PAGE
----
Chromatherapy

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I’ve been reading David Batchelor’s book “Chromophobia” in which the author argues that high culture has long been anti-color (chromophobic) except for the portion that has been wildly pro-color (chromophilic). The book is well researched, the writer, who is also an artist, is witty (not only did he coin the snarky word “chromophobia,” but there’s a chapter about color as cosmetic and it’s titled “Apocalypstick.”)

Apparently the philosopher Kant, for one, is a typical chromophobe. Quoting Batchelor: “For Kant, colour could never participate in the grand schemes of the Beautiful or the Sublime. It was at best ‘agreeable’ and could add ‘charm’ to a work of art but it could not have any real bearing on aesthetic judgement.” Rousseau and Joshua Reynolds, likewise, believed colour gave sensory pleasure but that art’s gravitas resided in form, shape and line according to Batchelor’s book.

Of course my reading this book has directly to do with the Olafur Eliasson’s Your Colour Memory” at Arcadia, a chromophile work for the 21st Century. We’ve sung its praises here and here. (image at top is of Eliasson‘s “Your Colour Memory.” Photo by Aaron Igler.)

Batchelor spoke at Arcadia in October as a corollary to the exhibit. A quiet Brit with a sense of humor, his slide lecture laid out the book’s argument and was particularly notable for its number of slides — one, a grey on white illustration from an early edition of Melville’s “Moby Dick.” Libby and I enjoyed the somewhat mumbled talk in spite of the lack of color slides. The whole idea that color is a cultural outcast — other and not to be trusted — seemed right.

And it got me thinking about how artificial our colors are now. Fruit, flowers, everything has been jiggered to produce extraordinary shades that are sold as natural. But when push comes to shove, we want our walls white; the art on it subdued shades we can “live” with. And our favorite clothing is…black. While Batchelor’s theory applies to art, which has mostly if not entirely been divorced from world events, all the talk about color made me wonder about chromophobia as applied to skin color. I guess you could argue that chromophobia in that realm has never not been a force driving world events.

I wasn’t really thinking about color when I ran up to the PMA to see the Pontormo, Bronzino and the Medicis exhibit. But color, in all its seduction, was one of the high points of this wonderful, edgy portrait show. (Here’s my PW review if you didn’t catch it. )

If color wasn’t integral to the works of art here (and not just there to add charm) I’ll eat my pencil. “Lady in Red” by Bronzino (shown above) encased in her voluptuous lava flow of a dress was female power incarnate. Just try to separate that color from the form. In fact, from flesh tones to the indefinite colors of the walls behind her, color is part of the story and inseparable from the composition and the meaning.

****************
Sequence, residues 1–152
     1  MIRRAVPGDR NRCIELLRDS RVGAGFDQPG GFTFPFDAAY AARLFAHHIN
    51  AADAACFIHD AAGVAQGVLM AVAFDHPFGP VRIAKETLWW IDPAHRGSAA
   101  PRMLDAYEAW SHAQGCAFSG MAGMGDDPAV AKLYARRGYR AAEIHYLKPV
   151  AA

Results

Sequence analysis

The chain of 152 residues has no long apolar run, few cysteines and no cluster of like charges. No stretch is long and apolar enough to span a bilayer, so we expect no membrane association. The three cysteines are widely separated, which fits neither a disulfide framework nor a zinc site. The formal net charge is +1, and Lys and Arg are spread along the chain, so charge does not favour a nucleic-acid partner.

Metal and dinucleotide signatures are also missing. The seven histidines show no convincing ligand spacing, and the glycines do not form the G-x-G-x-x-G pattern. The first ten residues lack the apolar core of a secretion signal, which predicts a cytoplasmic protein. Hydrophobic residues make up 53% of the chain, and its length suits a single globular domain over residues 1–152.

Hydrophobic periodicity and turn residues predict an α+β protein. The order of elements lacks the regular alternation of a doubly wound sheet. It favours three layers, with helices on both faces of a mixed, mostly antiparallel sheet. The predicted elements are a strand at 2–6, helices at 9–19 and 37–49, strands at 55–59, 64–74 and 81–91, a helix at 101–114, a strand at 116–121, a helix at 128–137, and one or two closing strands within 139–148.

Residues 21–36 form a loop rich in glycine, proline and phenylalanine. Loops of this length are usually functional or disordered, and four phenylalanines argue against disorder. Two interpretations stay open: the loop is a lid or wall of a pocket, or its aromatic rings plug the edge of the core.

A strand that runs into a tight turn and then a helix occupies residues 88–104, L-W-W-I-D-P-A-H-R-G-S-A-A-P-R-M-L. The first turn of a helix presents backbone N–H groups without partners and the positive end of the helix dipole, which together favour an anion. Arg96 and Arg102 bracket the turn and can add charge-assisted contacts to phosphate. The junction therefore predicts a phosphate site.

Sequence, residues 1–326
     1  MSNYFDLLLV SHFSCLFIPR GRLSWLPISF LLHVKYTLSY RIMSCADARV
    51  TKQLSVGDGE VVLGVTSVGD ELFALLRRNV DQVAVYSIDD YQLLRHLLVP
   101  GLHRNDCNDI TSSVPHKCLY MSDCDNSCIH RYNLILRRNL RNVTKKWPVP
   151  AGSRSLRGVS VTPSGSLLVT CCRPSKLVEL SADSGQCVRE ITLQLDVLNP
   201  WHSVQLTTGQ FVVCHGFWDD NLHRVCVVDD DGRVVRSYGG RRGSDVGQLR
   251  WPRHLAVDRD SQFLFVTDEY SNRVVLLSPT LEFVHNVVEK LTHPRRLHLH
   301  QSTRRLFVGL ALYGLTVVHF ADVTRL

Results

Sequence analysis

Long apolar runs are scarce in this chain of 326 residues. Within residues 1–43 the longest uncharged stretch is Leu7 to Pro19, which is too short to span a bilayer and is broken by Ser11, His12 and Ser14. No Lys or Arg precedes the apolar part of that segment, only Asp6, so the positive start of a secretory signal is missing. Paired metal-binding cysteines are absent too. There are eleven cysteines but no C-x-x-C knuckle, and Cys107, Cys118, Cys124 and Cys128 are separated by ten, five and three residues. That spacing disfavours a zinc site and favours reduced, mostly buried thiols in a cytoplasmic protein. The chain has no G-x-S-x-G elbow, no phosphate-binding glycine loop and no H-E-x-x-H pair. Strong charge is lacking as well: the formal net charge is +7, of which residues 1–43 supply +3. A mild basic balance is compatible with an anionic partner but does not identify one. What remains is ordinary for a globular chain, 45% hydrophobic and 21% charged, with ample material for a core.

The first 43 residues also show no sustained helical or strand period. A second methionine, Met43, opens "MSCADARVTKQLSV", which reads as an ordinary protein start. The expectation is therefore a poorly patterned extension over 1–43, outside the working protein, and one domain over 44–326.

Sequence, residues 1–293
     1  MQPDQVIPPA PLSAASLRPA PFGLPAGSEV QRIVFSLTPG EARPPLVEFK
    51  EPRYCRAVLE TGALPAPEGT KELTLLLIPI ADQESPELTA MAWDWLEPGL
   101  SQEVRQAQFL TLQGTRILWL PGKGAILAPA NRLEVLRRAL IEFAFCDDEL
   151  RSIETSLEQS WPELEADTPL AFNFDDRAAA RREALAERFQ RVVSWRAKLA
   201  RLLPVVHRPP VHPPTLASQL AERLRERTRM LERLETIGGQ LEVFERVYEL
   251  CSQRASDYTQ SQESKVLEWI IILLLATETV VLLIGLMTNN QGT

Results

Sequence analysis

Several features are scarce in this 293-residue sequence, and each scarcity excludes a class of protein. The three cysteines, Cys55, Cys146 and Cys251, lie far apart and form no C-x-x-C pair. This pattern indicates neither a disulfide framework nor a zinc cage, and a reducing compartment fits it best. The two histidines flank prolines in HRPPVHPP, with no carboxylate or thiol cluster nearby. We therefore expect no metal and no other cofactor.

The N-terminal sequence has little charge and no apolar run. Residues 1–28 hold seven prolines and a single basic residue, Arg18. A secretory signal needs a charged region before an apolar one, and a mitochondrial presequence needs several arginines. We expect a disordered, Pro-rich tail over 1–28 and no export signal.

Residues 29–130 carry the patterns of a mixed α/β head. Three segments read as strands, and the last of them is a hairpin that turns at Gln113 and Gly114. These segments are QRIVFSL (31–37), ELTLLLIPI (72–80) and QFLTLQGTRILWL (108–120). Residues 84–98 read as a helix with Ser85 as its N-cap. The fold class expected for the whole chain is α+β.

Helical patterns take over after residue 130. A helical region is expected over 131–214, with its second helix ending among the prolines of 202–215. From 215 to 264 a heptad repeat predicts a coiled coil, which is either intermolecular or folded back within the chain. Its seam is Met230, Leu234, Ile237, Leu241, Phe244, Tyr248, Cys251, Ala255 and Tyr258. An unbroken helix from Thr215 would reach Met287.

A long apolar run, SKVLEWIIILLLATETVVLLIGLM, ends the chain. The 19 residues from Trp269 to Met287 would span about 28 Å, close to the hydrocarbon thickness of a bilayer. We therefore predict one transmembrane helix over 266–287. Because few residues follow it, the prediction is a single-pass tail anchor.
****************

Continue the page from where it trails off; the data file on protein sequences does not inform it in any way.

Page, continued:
Pontormo‘s “Youth in Pink Cloak” is another piece in which color is meaning, form and chromatic pleasure. Here, the (again) mountainous cloak is a foil for the slender teen whose cocky, hand on hip posture belies an uncertainty that’s quintessential child on the verge of adulthood — all self-doubt and self-consciousness. Pink — a color that’s a compromise, a color that’s almost there, is perfect for this cloak and for this sitter. Whether there’s artistic license in the cloak’s color choice is doubtful, according to the write up in the show’s catalog (a great book by the way, full of stories of the homicidal powerbrokers the Medicis and their topsy-turvy times of plague, war and insecurity perhaps more like our own than we’d like to think.) The cloak might be ceremonial and the youth might be a page at the court. Regardless, the portrait is a triumphal wedding of color and subject.

Pontormo and Bronzino weren’t chromophobic. They were free with their use of color and lathered it on generously. I’m wondering now about color field painters who serve up generous portions of out of the tube color in works so large they are off-putting. Could it be that those ’50s and ’60s painters were actually chromophobic and that their paintings do more to distance and separate the viewer from the idea of color than they do bring the viewer and the color into dialog. (Paintings of that era send me running from the room and I like to think I’m a chromophile.)

I heard another talk last week that wasn’t about color but did remind me of the Pontormo show. Jed Perl, critic for New Republic, spoke at UArts Friday night in conjunction with the school’s second year MFA exhibition (up now at Rosenwald-Wolf Gallery and in the lobby of Hamilton Hall, and, I believe, also at the Icebox). Perl’s topic was tradition and how artists can mine traditions without being traditional or conservative. The argument was about how studying a tradition and looking hard within it artists could adapt it for a new generation. It reminded me of the new wave of portraiture by young artists who, knowingly or not, are distilling from an old traditions (that include Pontormo and Bronzino), in ways that don’t seem conservative or traditional.

(“Your Colour Memory,” by the way, is up through Jan 9. and Arcadia’s Richard Torchia wrote to say they’ll have hours over the holidays — like New Year’s Eve and New Year’s Day! (but no Christmas or Christmas eve). Don’t let this one slip away without seeing it.

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